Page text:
Labour's broadcasts were masterminded by a BBC producer turned MP, the young Anthony Wedgwood Benn. Time has lent ironic enchantment to his blueprint for the programmes. "The aim must be immedi- ately to grab the viewers' attention with strong music and pictures," wrote Benn. "Suppose we decide our theme is to be 'The Land and the People', then the opening film sequence should be an atomic power station under construction, seen across fields of waving corn, and our music 'Jerusalem' sung by a Welsh choir."
In the 1964 election, Sir Alec Douglas-Home, the Tory Prime Minister, was no match on television for Harold Wilson, the youthful new Labour leader. Wilson had studied video recordings of President Kennedy and taught himself television techniques. He used Kennedy's best lines, like "the new frontier" and the promise of "a hundred days of dynamic action".
But Home dreaded the studio: "I remember being made up for a broadcast and my conversation with the young lady who was applying the powder and tan went like this. 'Can you not make me look better than I do on television? I look rather scraggy - like a ghost.' 'No.' 'Why not?' 'Because you have a head like a skull.'"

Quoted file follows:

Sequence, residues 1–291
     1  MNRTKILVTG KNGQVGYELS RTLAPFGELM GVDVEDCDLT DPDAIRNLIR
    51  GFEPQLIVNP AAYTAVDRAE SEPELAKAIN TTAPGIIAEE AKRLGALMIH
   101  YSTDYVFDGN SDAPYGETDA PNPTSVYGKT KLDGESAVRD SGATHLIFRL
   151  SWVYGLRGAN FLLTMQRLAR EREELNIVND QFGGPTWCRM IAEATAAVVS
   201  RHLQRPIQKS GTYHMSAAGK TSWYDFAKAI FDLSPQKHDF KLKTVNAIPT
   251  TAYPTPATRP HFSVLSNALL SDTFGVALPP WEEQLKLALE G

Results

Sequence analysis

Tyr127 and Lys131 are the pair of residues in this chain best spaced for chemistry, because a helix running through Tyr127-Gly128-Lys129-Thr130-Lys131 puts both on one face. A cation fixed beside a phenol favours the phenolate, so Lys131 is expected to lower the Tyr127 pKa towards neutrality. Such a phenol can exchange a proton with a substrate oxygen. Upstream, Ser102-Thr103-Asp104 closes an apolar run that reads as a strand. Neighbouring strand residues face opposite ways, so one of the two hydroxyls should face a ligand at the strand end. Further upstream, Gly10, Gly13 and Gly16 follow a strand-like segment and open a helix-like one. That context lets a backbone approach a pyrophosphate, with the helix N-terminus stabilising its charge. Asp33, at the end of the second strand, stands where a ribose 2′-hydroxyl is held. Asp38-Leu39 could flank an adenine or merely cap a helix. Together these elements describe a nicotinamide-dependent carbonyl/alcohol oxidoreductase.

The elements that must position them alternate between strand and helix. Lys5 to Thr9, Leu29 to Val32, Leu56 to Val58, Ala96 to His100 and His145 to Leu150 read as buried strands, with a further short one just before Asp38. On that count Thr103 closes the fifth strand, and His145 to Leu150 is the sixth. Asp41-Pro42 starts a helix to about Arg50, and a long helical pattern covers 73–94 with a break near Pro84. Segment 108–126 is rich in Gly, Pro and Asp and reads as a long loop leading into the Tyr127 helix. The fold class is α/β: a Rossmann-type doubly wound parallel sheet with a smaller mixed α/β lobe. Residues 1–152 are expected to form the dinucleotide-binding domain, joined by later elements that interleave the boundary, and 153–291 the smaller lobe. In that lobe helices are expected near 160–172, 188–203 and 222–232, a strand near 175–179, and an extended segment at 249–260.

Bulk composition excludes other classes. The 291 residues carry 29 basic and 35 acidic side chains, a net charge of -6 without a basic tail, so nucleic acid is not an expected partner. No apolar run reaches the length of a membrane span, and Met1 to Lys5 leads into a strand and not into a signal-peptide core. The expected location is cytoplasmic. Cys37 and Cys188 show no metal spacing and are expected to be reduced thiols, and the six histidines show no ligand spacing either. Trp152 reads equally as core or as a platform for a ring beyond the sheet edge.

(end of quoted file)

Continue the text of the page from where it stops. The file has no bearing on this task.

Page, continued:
In the campaign, BBC News and ITN would go over live to the election rallies of the two party leaders to transmit an extract from their speeches. Unlike Home, Wilson recognised he was on the air the instant he saw the red light glow on top of the camera. At the last moment, the Labour leader would jump mid-sentence to a crisp, sharp paragraph for the benefit of viewers at home.
In contrast, Home had no idea when the cameras were transmitting live. He sometimes stumbled so badly through his campaign speeches that reporters joked about clubbing together to buy him the other half moon for his spectacles.
No party leader, fighting an election, was more concerned about television than Margaret Thatcher in 1979. In her early years as leader she had reacted fearfully to the cameras. "I hate them, I hate them," she said about her television appearances.